Finally, our guests said they tasted some of the most finest Syrah from Hawke’s Bay (north of New Zealand), home of real Syrah gems like the great “Jewelstone Syrah 2013” from Mission Estate, as well as from Australia, with  “Syrahmi Dreams… 2012“ from Adam Foster and “Basket Press Shiraz 2011“ from Rockford Wines, without forgetting a legendary Grenache, with “The Tri-Centenary 2008“ from Yalumba.

The wine planet (still) remains to be discovered…

WineExplorers’cheers,
Amandine Fabre & Jean-Baptiste Ancelot

 

Thank you to Jean-Luc Lavatine and the team of Duclot-La Vinicole for having made available this beautiful place for our Annual Tasting.
Thank you to all producers for having participated in this event by offering us the wines. We were also very touched by the presence in Paris, on June 13, of some wineries which came to support the event : Hatten Wines (Bali), Ruffus (Belgium), Sababay (Bali), J. Heinrich (Austria), Te Motu (New Zealand) and the Château de Bioul.
Finally, a huge thank you to everyone who participated in the success of this beautiful evening : Catherine Ancelot-Savignac (who also prepared a wonderful buffet!), Prune Meunier, Ode Coyac, Alexandra Schneider, Clara Laurent, Victory Dauviau ; as well as Amandine Fabre, Ludovic Pollet and Stephane Diné from the WINE Explorers’ team.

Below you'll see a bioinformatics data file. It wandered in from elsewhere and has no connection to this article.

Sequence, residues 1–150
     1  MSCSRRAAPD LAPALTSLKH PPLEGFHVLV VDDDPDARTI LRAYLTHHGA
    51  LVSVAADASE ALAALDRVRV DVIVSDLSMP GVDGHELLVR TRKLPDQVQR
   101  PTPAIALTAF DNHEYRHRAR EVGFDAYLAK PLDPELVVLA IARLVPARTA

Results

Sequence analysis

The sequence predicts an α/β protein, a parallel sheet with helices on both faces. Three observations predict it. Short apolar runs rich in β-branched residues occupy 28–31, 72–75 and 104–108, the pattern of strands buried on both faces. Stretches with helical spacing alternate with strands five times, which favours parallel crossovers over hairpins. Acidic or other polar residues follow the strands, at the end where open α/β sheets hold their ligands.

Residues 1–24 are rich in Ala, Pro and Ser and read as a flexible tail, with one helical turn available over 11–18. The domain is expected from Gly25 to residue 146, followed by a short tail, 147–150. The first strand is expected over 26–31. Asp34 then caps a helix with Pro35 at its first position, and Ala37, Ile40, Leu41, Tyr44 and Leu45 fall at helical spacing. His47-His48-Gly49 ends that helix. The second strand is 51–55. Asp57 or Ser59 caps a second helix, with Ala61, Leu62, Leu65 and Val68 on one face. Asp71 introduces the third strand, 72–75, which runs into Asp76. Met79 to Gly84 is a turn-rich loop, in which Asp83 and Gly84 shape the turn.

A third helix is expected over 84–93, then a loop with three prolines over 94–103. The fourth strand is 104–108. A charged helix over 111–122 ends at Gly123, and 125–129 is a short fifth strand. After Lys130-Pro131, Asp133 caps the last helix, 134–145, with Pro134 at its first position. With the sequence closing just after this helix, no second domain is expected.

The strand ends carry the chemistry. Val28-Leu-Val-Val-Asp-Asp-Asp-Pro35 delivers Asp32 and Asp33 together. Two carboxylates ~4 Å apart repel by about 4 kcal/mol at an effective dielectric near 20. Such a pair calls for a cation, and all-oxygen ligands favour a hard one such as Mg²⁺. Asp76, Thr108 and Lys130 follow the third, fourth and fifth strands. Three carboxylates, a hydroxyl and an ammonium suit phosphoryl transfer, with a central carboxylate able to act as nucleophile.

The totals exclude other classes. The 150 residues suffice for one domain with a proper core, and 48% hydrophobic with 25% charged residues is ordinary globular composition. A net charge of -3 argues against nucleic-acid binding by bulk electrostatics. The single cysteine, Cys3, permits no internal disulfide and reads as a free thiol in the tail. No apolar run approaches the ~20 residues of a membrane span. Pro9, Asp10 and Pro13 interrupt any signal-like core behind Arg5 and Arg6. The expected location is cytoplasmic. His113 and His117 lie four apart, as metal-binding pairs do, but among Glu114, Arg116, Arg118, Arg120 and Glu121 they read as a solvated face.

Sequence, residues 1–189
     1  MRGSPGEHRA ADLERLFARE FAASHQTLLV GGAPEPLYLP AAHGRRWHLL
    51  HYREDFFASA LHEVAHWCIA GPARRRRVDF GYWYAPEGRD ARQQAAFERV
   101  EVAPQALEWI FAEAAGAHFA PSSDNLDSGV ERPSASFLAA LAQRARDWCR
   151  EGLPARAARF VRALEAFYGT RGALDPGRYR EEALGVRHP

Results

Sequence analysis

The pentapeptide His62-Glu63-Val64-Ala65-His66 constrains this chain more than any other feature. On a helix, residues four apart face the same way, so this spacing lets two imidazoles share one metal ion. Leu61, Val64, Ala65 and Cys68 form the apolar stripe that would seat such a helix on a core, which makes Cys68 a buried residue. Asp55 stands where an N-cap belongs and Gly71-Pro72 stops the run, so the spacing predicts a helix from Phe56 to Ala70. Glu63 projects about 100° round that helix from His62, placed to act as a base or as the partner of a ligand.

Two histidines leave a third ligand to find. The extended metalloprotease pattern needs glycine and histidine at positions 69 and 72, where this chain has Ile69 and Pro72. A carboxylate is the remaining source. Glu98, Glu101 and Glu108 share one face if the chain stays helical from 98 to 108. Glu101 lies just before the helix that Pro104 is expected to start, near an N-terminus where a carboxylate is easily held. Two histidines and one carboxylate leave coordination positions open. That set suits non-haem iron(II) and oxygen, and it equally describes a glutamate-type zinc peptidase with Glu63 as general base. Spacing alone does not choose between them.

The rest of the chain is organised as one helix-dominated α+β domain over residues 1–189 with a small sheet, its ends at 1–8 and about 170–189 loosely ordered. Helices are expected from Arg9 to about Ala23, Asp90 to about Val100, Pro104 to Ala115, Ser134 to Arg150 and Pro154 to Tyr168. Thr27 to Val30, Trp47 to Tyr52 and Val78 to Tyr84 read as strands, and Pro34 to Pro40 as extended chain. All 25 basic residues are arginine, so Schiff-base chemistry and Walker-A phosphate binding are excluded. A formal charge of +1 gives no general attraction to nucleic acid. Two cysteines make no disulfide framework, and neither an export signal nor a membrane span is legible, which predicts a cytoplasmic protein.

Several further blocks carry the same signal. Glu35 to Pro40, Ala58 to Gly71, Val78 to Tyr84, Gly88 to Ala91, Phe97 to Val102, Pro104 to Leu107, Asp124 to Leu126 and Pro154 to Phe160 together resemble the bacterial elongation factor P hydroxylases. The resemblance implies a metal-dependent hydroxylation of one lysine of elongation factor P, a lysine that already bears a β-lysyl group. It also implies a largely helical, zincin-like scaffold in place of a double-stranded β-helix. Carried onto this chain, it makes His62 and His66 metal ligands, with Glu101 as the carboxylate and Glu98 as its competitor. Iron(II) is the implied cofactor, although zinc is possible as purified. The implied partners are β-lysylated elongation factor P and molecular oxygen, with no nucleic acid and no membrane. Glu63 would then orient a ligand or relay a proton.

(1) Complete list of the 35 wines presented on June 13 for the Grand Annual Tasting :
1 – Indonesia (Bali) : “Aga White 2016“, from Hatten Wines – Bali
2 – Belgium (Côtes de Sambre et Meuse) : “Mossiat 2014“, from Château de Bioul
3 – Sweden (Skåne) : “Solaris 2014“, from Hällåkra Vingård
4 – Belgium (Heuvelland) : “Pinot 2015“, from Entre Deux Monts
5 – Switzerland (Mont-sur-Rolle) : “Clos du Couvent 2009“, from Domaine de Maison Blanche
6 – Austria (Wachau) : “Smaragd Singerriedel 2014“, from Domäne Wachau
7 – Czech Republic (Moravia) : “Sonberk Riesling V.O.C. 2013“, from SONBERK
8 – Australia (Eden Valley) : “Heggies Vineyard Riesling 2005“, from Heggies Vineyard (Yalumba)